* Establish a budget built around goals. “Managing day-to-day finances more closely can help you save money and squeeze a penny as much as you can,” Norris says. “By understanding where you’re spending money in each category of your life—entertainment, household expenses, luxury items—you can then see where you can trim or even eliminate entirely. It doesn’t have to be an overly complicated exercise; you can learn a lot about yourself and your spending habits with a simple software program like Quicken.”
* Downsize where possible. For investors who are on the cusp of retirement, downsizing to a smaller home may serve as a source of funds for future investing. This, in turn, can help to reduce monthly expenses for things such as utilities and maintenance.
Downsizing applies to much more than where one calls home. For example, Norris recently changed cable providers and adopted a less extravagant package; he ended up saving approximately $100 a month. Likewise, parting ways with a landline generated an additional $30 per by month in savings. He suggests shopping for insurance plans may be another way to prune expenses. While most individuals choose the insurance plan provided by an employer, he says better options that provide comparable coverage at a lower price may be attainable.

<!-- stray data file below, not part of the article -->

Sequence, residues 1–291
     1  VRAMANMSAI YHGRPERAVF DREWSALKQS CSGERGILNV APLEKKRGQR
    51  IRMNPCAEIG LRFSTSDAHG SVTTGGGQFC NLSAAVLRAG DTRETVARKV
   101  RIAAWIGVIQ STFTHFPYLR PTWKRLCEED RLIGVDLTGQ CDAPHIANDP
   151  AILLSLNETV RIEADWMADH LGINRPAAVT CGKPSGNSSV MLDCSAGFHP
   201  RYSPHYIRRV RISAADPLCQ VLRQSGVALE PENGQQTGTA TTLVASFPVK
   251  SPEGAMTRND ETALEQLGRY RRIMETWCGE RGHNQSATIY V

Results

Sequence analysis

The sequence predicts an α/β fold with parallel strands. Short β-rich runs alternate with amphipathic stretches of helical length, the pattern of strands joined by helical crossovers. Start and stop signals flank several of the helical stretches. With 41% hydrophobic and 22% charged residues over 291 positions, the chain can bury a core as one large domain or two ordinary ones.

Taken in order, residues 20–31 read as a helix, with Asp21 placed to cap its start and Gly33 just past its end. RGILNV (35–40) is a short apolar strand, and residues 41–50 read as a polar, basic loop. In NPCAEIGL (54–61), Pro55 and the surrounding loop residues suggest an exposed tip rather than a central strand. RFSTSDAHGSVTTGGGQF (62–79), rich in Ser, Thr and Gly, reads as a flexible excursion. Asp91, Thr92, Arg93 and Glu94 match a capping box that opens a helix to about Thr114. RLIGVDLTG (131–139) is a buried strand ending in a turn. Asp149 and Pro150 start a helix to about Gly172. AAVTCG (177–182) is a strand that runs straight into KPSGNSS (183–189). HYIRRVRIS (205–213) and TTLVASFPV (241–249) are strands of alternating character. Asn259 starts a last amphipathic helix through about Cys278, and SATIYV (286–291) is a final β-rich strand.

“Almost anybody can find another $25 to $50 per month,” he says. “That’s money that can be invested according to your tolerance for risk. You can’t invest short-term money for the long term, but if you have ‘found’ money, I always advise people to think for the future. It’s a common saying but it rings true: ‘It’s not about timing the market; it’s about the time in the market.’ In other words, you have to keep the money working for you.”
* Look for opportunities to pay off debt. Consolidating home mortgages, home-equity lines of credit, and credit card bills into a single, lower-interest payment can help pay off debt in a quicker fashion. By doing so, Norris says, investors can free up more funds for investment purposes—and have a significant effect on their financial plans as a result.
* Get informed advice. By working with an investment advisor from a registered investment advisor, an investor can benefit from a customized financial plan designed to bring goals within reach. While some people may think financial planning is reserved solely for the wealthy, Norris suggests individuals of all means would benefit from a well-informed, carefully architected financial plan.
“There is a cost involved, but a good financial planner can show you ways to overcome the fee and essentially pay for the cost of the financial plan,” he says. “I like to say that financial planning is not about showing you how to get to the finish line; it’s about showing you how to make small changes that can help you get to the finish line.”
No matter where someone might be in his or her life, Norris says it’s essential to understand that, much like flying a plane, making minor “course corrections” in one’s financial plan can help an individual arrive at a completely different, and more desirable, destination. In other words, taking small and manageable actions now can yield significant results years into the future.
For more information on Girard, a Univest Wealth Division, visit MeetGirard.com.
Photograph by Jody Robinson